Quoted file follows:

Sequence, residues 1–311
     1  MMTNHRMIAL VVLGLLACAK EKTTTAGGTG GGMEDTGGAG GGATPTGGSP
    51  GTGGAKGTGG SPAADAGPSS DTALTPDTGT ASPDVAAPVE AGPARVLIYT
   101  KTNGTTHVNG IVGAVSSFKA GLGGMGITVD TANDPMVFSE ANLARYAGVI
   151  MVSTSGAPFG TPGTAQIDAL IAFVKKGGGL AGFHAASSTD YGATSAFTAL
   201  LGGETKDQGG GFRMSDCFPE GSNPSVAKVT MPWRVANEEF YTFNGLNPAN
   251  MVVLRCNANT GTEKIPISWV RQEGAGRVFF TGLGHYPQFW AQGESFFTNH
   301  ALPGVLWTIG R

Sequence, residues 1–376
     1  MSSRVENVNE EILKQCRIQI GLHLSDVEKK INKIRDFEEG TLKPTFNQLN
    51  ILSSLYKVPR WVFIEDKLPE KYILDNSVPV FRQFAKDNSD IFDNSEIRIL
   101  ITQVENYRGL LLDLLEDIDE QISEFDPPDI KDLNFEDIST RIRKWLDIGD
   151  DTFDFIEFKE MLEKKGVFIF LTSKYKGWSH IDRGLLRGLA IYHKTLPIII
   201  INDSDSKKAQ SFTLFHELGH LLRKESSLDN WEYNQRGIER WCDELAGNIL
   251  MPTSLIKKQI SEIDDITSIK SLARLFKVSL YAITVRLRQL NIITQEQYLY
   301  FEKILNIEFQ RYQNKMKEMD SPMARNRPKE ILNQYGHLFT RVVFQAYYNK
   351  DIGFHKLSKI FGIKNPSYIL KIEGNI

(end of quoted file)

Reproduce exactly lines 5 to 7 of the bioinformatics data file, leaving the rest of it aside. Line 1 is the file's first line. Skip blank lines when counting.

   151  MVSTSGAPFG TPGTAQIDAL IAFVKKGGGL AGFHAASSTD YGATSAFTAL
   201  LGGETKDQGG GFRMSDCFPE GSNPSVAKVT MPWRVANEEF YTFNGLNPAN
   251  MVVLRCNANT GTEKIPISWV RQEGAGRVFF TGLGHYPQFW AQGESFFTNH